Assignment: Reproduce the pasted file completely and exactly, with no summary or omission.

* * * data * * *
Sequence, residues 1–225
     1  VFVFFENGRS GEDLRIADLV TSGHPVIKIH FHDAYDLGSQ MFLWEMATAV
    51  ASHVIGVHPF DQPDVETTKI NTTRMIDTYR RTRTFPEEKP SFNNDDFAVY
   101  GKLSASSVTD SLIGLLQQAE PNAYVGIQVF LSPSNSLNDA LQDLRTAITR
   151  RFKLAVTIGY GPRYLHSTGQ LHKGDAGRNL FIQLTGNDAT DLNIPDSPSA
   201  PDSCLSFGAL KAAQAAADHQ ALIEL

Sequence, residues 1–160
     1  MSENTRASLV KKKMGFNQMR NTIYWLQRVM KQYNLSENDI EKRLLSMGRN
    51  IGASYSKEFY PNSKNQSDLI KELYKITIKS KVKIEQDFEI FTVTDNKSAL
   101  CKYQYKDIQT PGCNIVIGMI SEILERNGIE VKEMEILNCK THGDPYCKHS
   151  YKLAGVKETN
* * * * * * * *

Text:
Sequence, residues 1–225
     1  VFVFFENGRS GEDLRIADLV TSGHPVIKIH FHDAYDLGSQ MFLWEMATAV
    51  ASHVIGVHPF DQPDVETTKI NTTRMIDTYR RTRTFPEEKP SFNNDDFAVY
   101  GKLSASSVTD SLIGLLQQAE PNAYVGIQVF LSPSNSLNDA LQDLRTAITR
   151  RFKLAVTIGY GPRYLHSTGQ LHKGDAGRNL FIQLTGNDAT DLNIPDSPSA
   201  PDSCLSFGAL KAAQAAADHQ ALIEL

Sequence, residues 1–160
     1  MSENTRASLV KKKMGFNQMR NTIYWLQRVM KQYNLSENDI EKRLLSMGRN
    51  IGASYSKEFY PNSKNQSDLI KELYKITIKS KVKIEQDFEI FTVTDNKSAL
   101  CKYQYKDIQT PGCNIVIGMI SEILERNGIE VKEMEILNCK THGDPYCKHS
   151  YKLAGVKETN